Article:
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PICList Thread
'Driving Relay'
2000\01\18@111719 by Jane Ifurung

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I'm using a +5V DPDT relay and I had a problem with
regards to energizing its coil. I tied one end of its
coil to +5V and the other end to an AND gate output
(MM74C08N). The relay should be energized when the
output of the AND gate is logic 0 and deenergized when
logic 1. However, when the AND gate is supposed to
output logic 0, it always stays to logic 1 (this is
when it is connected to the relay). Does this mean
that the AND gate is being loaded by the relay? ....
sort of loading effect?

I also tried using AND gate buffer (CD4081BCN) but to
no avail. It can't drive the relay.

.... Now, I was able to solve the problem stated
above. At the AND output I inserted a buffer(74F244)
and tied the buffer output to the other end of the
relay coil. It worked!

My question is, is there an alternative solution?
Buffer consumes space.

Jane



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2000\01\18@113336 by Terry A. Steen

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Just connect the PIC output to the base of an NPN (2N3904), the collector
to Vcc, and the emitter to the coil of the relay. You might put a resistor
(100-1k ohm) between the PIC and the transistor. Maybe even pull-down the
base. There is no reason o use a logic gate when all you want is its output
transistor.

Terry

At 08:16 AM 1/18/2000 -0800, Jane Ifurung wrote:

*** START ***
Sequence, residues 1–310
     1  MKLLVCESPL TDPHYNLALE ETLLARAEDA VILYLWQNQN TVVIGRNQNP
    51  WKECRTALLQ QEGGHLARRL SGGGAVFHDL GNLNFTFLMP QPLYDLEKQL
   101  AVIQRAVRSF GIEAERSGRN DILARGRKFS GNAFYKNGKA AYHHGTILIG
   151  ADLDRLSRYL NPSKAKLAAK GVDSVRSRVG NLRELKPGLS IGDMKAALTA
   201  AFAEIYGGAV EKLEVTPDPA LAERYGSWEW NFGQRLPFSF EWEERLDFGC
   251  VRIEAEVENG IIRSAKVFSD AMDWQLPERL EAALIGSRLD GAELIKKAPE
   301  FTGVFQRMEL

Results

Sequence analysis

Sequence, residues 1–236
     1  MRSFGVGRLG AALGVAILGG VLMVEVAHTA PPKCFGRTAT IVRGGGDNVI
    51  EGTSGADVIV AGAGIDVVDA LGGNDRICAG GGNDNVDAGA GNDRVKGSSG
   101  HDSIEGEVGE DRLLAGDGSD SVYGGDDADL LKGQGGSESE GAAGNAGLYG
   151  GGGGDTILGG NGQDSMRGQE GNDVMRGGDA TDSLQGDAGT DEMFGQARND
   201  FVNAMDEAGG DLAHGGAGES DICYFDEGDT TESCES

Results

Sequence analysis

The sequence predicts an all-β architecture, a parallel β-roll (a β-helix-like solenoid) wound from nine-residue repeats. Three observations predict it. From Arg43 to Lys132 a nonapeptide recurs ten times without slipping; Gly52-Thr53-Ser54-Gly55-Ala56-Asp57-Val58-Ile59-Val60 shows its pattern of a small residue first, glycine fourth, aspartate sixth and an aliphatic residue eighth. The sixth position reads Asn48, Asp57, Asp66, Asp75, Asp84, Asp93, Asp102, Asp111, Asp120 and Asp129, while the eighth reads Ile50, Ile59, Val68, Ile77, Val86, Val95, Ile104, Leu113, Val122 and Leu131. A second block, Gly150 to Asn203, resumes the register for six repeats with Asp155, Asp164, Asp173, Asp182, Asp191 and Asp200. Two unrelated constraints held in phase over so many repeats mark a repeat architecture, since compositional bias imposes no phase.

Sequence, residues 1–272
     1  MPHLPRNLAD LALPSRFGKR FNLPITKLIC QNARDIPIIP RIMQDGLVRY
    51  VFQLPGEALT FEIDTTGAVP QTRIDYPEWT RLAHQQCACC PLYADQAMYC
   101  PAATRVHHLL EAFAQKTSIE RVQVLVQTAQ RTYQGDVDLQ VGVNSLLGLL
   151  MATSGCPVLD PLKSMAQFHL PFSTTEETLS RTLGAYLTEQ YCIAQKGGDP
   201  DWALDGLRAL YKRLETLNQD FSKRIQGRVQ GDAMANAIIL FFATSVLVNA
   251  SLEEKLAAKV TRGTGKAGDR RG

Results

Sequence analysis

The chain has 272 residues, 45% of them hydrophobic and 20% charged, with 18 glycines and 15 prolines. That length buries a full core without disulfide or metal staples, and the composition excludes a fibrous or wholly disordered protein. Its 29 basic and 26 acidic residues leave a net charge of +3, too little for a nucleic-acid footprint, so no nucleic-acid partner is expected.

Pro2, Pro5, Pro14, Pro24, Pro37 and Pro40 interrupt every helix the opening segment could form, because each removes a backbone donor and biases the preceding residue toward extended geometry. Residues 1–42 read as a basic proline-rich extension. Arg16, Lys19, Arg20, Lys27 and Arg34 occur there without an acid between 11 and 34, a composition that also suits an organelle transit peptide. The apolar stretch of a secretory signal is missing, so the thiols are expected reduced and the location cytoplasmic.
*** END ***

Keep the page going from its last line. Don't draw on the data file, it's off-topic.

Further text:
{Quote hidden}

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2000\01\18@155722 by Jinx

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www.scooby.flysaturn.com/cktlib/relaydrv/index.html


> I'm using a +5V DPDT relay and I had a problem with
> regards to energizing its coil

> Jane Ifurung
> UP Diliman, Quezon City

2000\01\18@161601 by Dave VanHorn

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> > I'm using a +5V DPDT relay and I had a problem with
> > regards to energizing its coil
>
> > Jane Ifurung
> > UP Diliman, Quezon City

Two things:

Make sure your driver turns on, and make sure it turns off.


This is trickier than it may appear at first.
Look in your chip specs, and find the guaranteed max logic low output
voltage.
(assuming on when high, off when low)
Your driver must stay shut off, even at this output voltage (also look at
leakage current specs)
Same on the high side, with guaranteed minimum high voltage.

If you don't take this into account, then you end up with a circuit that
usually works.



Without a description of your circuit, here's some general info:

You need to protect the driver from the field collapse of the relay coil.
A diode in paralell with the coil, such that the diode does not conduct
while the relay is on, is usually suficient.

Finally, make sure that your driver, in the on state, is really driving the
relay hard enough to pull in.  Assuming an open collector transistor driver
(emitter to ground) you should see <1V on the collector in the on state.
Preferrably closer to 0.6V. Higher than that indicates that the transistor
isn't turning on enough. You may need a higher gain transistor, or more base
current in the on state.

Last, of course you need enough voltage across the relay coil to pull in the
armature.
Check this with your driver on, across the coil. A "5V" relay will pull in
with less, but unless you have the spec, you're taking a chance.

2000\01\18@184145 by paulb

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Jane Ifurung wrote:

> I'm using a +5V DPDT relay and I had a problem with regards to
> energizing its coil.  I tied one end of its coil to +5V and the other
> end to an AND gate output (MM74C08N).  The relay should be energized
> when the output of the AND gate is logic 0 and deenergized when logic